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How to Become a Game Tester

Batul Nafisa Baxamusa
If you consider yourself a master gamer, and have a true passion for video games, then a career as a game tester is the right choice for you. Read ahead to know more...
It is often a misconception that all that a video game tester does is play games. Well, in a way it's true; you are paid to play video games. But it is not as smooth sailing as it sounds. Game testers have to put in long hours and hard work. Sometimes, you need to play computer games which are not 'cool' or 'awesome'.
You always need to be on top of your game at all times, or there are many waiting to grab your spot. Your job just doesn't involve playing games, but finding errors, glitches, bugs, checking the minutest mistakes in spellings and designs.
Game testers not only have to check for mistakes and errors, but they also have to recommend ways to improve the games that they try out.
Game testers should have good information about the various software used to design games. They are also required to have some programming background. If you don't understand the program language of the programmers and game producers, you'd find it difficult to grasp what they are talking about.
It is also necessary to have good command in English, both oral and written. A game tester should be familiar with the hardware and software of desktop computers. He should have working knowledge of spreadsheets, programs, word documents, etc.
He needs to be aware of the recent happenings in the gaming industry. He should have information about all the previously released games and the ones soon to be released. He should be well-aware how the programmers, game developers, artists, composers, etc., do their job.
In order to get a job, you will need to have a lot of interest and patience. An 'entry-level job' requires hard work, computer, and gaming knowledge. Often, a tester needs to put in 8 - 10 hours a day to check every feature of the game, and find bugs and errors. The job is mainly outsourced by many companies, and are on part-time or per-game basis.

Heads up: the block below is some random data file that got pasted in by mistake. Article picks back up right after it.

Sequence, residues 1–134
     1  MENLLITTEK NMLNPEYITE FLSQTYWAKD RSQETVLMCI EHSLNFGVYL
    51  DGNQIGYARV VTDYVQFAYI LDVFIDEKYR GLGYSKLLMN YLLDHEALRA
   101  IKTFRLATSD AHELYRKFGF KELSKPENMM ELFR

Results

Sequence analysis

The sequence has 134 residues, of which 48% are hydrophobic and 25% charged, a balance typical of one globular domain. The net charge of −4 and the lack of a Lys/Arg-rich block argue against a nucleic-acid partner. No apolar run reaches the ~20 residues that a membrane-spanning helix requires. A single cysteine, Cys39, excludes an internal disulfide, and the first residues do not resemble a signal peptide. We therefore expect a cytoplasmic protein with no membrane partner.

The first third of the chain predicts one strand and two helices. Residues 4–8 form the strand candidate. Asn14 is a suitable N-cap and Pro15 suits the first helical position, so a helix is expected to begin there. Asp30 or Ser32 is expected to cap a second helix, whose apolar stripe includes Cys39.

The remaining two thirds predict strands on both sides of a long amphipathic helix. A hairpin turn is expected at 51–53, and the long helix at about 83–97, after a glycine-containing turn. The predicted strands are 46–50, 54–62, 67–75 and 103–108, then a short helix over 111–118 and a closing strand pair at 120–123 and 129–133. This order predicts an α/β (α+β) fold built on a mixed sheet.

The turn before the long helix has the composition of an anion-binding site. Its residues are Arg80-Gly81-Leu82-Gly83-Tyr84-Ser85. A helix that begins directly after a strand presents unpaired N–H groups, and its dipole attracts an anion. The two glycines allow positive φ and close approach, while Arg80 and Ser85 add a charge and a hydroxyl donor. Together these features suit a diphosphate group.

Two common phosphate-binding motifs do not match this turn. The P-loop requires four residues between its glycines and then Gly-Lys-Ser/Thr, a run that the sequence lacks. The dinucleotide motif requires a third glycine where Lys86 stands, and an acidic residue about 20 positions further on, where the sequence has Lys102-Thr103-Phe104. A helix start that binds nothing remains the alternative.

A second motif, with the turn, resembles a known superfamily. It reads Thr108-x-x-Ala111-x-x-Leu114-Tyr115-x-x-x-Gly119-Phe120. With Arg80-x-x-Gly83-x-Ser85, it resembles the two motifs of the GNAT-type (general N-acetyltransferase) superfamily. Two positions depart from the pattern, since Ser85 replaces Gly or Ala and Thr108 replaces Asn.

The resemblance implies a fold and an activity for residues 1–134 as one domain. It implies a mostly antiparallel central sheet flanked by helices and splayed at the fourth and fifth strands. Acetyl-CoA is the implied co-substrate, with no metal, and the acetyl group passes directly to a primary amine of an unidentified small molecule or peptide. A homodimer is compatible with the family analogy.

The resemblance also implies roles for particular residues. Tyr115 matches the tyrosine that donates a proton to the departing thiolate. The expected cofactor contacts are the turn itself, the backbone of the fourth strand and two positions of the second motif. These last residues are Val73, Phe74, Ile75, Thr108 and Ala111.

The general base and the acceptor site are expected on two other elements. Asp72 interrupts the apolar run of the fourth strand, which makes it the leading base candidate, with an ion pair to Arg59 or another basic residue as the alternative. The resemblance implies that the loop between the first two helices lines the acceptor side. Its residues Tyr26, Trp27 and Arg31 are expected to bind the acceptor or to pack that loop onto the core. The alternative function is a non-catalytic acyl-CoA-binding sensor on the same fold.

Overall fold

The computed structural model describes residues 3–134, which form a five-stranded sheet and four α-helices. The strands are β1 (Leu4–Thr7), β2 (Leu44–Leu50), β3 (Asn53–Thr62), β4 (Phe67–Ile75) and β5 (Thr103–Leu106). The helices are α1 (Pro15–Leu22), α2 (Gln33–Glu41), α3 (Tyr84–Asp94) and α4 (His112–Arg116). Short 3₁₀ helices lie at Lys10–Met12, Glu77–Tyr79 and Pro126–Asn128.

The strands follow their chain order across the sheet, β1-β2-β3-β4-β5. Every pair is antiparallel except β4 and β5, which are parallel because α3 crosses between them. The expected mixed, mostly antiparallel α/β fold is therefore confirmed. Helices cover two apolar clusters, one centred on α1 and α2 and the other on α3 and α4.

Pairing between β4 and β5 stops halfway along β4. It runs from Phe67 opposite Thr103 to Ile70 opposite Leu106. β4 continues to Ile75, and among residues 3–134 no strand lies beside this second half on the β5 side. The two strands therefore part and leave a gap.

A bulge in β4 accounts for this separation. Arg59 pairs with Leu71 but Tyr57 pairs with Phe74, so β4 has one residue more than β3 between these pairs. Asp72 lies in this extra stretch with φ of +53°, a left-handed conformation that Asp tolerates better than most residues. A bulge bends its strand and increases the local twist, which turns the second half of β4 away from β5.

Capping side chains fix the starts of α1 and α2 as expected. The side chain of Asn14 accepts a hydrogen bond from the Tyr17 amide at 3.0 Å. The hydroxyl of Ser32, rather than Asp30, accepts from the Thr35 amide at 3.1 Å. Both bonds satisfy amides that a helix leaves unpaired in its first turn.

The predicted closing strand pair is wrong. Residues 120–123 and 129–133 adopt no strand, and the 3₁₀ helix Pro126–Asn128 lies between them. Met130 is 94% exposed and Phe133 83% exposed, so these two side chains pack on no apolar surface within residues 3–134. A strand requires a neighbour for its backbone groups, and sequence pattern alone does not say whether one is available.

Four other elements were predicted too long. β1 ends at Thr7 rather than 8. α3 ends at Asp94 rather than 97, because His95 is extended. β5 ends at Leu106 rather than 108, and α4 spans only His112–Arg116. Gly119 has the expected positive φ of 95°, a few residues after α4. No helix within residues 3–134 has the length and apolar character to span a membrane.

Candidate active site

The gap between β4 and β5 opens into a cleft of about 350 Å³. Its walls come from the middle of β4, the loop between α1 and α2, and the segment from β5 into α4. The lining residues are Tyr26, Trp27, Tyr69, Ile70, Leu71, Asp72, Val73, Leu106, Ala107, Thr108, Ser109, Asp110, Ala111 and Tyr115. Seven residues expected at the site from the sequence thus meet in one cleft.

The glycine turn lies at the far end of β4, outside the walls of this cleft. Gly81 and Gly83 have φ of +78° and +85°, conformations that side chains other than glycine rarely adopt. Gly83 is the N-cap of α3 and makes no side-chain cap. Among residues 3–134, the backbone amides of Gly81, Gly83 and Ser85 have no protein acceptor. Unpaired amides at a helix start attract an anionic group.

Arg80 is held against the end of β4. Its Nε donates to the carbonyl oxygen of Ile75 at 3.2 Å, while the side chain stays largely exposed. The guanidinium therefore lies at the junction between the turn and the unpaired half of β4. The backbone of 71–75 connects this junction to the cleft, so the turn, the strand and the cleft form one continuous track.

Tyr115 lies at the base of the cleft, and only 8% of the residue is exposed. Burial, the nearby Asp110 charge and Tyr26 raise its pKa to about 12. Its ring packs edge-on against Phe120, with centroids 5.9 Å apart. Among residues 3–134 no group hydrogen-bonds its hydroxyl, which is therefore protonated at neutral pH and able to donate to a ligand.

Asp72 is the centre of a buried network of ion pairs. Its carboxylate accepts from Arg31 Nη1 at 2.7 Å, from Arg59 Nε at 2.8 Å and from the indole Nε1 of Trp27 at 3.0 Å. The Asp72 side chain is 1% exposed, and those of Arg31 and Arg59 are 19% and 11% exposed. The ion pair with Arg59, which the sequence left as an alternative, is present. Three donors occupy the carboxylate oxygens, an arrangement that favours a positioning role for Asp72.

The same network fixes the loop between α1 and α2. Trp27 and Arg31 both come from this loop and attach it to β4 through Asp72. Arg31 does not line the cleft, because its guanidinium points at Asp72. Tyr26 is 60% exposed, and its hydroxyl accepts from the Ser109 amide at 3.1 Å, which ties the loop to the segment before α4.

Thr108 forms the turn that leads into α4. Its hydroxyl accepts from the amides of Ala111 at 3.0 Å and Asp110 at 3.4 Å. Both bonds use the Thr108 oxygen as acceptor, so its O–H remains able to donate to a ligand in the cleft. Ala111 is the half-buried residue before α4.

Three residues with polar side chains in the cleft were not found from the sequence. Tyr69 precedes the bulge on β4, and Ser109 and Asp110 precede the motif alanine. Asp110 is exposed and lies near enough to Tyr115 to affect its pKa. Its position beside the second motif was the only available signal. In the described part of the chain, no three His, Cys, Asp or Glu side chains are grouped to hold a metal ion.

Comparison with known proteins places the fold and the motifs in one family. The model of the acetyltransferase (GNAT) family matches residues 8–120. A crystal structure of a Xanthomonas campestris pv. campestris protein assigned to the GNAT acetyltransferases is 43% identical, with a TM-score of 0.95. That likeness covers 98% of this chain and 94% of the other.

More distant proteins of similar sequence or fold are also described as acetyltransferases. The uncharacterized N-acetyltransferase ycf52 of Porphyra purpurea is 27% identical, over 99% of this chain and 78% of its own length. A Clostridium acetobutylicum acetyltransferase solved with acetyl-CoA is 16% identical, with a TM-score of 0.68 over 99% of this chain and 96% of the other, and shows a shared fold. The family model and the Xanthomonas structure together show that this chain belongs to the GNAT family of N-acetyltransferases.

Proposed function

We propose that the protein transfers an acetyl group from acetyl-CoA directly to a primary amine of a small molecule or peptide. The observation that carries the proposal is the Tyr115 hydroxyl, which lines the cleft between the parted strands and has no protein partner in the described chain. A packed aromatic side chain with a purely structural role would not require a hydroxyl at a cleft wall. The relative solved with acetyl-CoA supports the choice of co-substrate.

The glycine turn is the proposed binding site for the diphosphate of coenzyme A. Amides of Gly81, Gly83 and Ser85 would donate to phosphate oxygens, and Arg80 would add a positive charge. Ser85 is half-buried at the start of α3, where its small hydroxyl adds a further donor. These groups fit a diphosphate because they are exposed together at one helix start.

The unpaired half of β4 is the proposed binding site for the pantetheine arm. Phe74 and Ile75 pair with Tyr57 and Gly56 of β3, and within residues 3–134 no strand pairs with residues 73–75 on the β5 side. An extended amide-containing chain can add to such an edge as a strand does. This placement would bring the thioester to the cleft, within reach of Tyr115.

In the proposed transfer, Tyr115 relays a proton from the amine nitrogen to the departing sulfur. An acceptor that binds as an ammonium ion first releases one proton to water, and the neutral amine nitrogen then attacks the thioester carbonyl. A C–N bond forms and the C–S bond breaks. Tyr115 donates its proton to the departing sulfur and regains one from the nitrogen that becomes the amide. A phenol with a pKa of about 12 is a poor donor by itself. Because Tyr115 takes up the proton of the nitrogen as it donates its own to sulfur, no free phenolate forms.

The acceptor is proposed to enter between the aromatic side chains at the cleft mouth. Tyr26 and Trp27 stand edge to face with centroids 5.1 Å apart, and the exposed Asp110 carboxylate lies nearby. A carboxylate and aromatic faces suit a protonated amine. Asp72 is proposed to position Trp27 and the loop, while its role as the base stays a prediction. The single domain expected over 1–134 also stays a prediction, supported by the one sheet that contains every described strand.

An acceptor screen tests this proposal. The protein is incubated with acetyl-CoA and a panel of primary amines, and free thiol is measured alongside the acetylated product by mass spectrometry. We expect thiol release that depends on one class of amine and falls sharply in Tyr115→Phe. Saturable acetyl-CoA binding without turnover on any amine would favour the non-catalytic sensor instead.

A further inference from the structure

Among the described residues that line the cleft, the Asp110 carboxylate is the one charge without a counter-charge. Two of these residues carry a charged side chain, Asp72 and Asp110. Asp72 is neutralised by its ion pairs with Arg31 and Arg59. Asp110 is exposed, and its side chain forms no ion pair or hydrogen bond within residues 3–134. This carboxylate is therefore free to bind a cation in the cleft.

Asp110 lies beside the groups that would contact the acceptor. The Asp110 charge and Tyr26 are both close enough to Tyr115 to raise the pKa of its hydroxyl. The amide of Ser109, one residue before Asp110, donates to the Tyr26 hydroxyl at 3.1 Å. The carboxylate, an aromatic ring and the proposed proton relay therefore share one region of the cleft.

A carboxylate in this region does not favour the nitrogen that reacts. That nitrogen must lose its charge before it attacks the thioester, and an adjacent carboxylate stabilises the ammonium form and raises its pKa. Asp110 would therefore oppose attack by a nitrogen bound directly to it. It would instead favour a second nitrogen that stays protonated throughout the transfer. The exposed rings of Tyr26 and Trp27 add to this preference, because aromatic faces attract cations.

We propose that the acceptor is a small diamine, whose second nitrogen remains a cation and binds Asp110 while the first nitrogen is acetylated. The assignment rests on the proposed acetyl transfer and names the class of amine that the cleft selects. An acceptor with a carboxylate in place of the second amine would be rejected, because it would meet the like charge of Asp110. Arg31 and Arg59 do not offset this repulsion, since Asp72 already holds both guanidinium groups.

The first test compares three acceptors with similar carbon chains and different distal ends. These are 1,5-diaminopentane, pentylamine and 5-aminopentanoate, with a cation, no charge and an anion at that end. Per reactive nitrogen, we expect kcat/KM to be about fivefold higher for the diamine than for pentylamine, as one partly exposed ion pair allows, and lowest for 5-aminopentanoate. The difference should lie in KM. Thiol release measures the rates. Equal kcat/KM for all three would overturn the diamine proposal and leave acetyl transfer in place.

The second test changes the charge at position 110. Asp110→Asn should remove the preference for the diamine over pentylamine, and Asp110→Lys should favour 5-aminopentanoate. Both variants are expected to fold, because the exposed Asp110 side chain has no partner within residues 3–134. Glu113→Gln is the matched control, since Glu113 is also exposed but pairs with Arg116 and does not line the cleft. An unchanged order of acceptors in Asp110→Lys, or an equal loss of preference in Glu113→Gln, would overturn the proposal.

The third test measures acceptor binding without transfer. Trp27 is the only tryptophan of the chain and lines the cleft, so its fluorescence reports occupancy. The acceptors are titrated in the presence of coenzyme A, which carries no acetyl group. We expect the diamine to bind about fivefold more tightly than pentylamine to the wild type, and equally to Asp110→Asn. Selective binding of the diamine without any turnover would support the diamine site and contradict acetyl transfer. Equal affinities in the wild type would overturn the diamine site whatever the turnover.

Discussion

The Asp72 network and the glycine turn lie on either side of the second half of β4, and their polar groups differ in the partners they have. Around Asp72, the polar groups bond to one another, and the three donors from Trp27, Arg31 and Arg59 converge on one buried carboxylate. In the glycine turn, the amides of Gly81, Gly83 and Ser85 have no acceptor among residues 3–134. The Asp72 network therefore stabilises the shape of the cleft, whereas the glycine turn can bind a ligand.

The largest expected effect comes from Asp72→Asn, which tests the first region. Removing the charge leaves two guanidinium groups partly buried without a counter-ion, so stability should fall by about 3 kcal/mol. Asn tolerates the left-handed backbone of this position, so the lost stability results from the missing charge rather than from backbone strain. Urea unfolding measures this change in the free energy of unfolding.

Large companies hire permanent game testers. Smaller companies are always on the look-out for freelancers. If you wish to use game testing as a step to expand your career in the gaming industry, you should take up a job with a developer or publisher.
The other option available for becoming a game tester is by participating in public beta tests for popular games. This will make you aware about what a game tester does daily. You need to find bugs and errors as a beta tester. You should have in-depth knowledge about gaming consoles and operating systems.
A detailed report has to be prepared daily reproducing the bugs you found. Thus, strong oral and written English skills are a must for communication in this job. One should keep in mind that beta testers are mainly volunteers and not paid for the job. At the most, one can be offered a free copy of the game when it released.
Game testing is not 'all play' and 'no work'. It is a real job with deadlines. There are detailed reports that need to be filed on time, which if not in place, would make companies lose millions of dollars.